Around 450 dangerous inmates were let go unsupervised onto the streets of California, the state’s inspector general confirmed.

A glitch in software lead to prison officials accidentally releasing “high risk of violence” inmates from jails as opposed to low risk inmates set for release to elevate the crowded prison system.

In addition, over 1000 inmates deemed high risk for drug and property offenses were also mistakenly released.

The information comes after the US Supreme Court upheld a lower decision and ordered California to alleviate prison overcrowding by releasing prisoners or building more prisons. The decision gives State prison officials only two years to cut the 143,335 prisoner count by around 33,000 either by reductions, new programs outside of prisons or constructing new prisons within the state.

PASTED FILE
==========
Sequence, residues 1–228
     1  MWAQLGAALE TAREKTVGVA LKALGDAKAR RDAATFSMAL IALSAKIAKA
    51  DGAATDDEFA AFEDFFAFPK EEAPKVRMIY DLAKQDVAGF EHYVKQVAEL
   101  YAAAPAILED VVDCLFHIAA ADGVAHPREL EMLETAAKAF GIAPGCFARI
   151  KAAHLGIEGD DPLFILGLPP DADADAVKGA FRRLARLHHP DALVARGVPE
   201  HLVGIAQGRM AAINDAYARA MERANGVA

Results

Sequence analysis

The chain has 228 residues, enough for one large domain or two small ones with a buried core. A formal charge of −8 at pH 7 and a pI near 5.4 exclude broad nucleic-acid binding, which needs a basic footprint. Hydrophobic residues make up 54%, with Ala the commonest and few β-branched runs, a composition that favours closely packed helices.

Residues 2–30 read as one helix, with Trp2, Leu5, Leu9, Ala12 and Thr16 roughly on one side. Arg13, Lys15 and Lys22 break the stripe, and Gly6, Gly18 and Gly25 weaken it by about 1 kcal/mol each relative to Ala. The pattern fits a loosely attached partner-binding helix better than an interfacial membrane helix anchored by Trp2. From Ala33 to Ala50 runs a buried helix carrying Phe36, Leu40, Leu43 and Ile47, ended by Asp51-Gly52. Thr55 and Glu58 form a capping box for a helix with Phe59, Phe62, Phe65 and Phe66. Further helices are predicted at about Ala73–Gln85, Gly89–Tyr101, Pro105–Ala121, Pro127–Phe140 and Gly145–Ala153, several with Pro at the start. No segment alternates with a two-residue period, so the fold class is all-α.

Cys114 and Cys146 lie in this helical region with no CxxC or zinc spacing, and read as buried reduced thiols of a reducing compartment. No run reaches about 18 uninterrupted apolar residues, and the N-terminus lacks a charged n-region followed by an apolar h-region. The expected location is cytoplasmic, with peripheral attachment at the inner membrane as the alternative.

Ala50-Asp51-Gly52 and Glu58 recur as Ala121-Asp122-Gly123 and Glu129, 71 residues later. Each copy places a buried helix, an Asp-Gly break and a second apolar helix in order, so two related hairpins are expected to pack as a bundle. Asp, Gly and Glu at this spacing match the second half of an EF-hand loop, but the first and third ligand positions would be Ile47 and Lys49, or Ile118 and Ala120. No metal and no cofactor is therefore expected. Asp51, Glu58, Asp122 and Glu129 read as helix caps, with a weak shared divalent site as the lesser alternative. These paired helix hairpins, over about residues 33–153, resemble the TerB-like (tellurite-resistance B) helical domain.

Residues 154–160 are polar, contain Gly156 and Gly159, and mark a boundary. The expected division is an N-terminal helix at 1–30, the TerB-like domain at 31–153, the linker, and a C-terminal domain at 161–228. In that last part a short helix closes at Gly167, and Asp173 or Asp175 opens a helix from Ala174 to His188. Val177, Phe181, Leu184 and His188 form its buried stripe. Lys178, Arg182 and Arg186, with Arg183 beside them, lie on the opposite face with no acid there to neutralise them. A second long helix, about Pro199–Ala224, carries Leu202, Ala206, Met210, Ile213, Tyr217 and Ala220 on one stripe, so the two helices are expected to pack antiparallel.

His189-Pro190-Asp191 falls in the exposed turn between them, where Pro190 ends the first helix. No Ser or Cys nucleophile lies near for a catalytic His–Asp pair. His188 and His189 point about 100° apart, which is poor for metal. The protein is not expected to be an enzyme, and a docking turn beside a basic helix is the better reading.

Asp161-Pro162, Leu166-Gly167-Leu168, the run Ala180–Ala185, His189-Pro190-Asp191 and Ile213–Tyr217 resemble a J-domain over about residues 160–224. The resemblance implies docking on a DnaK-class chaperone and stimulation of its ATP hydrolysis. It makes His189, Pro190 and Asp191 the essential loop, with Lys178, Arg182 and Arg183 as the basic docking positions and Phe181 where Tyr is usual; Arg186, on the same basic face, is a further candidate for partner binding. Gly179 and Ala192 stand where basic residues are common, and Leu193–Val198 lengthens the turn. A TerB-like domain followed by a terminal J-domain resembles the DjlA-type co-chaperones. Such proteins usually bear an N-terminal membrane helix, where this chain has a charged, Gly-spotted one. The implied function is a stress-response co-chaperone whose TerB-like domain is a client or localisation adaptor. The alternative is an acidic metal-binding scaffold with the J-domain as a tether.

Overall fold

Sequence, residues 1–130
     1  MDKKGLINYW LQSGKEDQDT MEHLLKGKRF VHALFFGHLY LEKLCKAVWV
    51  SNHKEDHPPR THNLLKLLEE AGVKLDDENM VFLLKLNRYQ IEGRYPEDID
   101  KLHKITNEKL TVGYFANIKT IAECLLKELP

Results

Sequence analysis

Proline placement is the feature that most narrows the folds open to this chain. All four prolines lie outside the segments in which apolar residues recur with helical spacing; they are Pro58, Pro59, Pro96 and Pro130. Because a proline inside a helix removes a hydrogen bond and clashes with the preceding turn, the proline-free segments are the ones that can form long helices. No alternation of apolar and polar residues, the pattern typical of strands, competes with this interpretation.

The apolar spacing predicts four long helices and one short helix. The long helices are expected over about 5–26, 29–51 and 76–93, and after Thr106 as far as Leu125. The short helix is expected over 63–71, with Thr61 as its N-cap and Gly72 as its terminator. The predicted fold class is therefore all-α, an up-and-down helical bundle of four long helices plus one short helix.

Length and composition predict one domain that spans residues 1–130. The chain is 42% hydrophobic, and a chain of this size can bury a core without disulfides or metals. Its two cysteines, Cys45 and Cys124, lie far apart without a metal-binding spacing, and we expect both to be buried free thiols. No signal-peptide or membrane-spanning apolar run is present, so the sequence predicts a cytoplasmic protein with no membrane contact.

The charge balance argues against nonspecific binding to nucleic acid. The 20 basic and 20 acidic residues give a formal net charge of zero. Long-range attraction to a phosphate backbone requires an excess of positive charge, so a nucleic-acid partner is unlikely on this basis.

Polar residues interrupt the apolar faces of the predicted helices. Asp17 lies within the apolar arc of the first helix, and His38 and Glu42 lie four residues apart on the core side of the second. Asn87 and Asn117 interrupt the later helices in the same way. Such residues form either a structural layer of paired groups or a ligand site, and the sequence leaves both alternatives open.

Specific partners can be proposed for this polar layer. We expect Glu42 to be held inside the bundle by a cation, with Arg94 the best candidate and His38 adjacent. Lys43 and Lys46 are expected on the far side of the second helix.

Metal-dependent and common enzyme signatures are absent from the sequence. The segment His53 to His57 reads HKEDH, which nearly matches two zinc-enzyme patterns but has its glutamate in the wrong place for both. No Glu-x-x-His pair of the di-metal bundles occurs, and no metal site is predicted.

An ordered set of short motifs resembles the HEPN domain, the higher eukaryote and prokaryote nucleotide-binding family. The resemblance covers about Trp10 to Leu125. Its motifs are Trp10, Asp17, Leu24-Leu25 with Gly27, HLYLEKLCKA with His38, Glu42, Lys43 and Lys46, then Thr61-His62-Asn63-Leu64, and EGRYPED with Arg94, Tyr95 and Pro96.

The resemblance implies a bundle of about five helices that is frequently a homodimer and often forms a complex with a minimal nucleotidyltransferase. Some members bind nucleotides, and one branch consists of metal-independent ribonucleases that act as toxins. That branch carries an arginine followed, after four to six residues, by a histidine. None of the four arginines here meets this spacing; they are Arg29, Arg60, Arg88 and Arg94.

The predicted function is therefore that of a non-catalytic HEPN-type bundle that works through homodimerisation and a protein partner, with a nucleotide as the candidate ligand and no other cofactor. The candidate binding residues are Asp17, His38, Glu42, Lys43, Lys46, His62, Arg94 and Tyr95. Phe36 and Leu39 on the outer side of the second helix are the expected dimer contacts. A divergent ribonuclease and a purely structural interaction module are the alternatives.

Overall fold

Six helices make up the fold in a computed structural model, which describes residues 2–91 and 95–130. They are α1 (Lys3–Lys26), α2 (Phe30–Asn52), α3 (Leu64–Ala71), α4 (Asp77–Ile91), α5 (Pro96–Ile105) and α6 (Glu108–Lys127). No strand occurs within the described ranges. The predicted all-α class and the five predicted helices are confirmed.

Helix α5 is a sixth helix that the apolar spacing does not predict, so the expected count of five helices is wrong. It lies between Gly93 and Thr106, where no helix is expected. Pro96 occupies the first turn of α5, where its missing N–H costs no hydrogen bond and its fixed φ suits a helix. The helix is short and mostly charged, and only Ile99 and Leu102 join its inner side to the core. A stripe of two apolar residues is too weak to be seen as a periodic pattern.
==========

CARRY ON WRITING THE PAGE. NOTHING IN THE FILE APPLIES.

According to Renee Hansen, a spokesperson for the California inspector general, no attempts have been made to find or return the former inmates to prison or at least place them on supervised parole.

The computer error placed all of those who were released on ‘non-revocable parole’ which means they do not have to report to parole officers. It also means they are free to live their lives and can only be sent back to jail if they are caught committing a new crime.

The software was not designed to be discretionary based on the history of inmates and issues releases without consideration to their crimes or their risk of re-offending. It uses a database of arrests that does not correlate information regarding convictions and the facts surrounding a case.

Effective Physical Security, Third Edition




Tags: crime, Information Technology, Law, USA


Oct 20 2010

Incidence Of Cybertheft Surpasses Incidence Of Physical Theft

Category: cyber securityDISC @ 1:17 pm
私は No Click!
Image by mie_journal via Flickr

Fraud-related losses rose 20 percent to $1.7 billion in the past year, Kroll study says

Incidence of theft of information and electronic data at global companies has overtaken physical theft for the first time, according to a study released yesterday.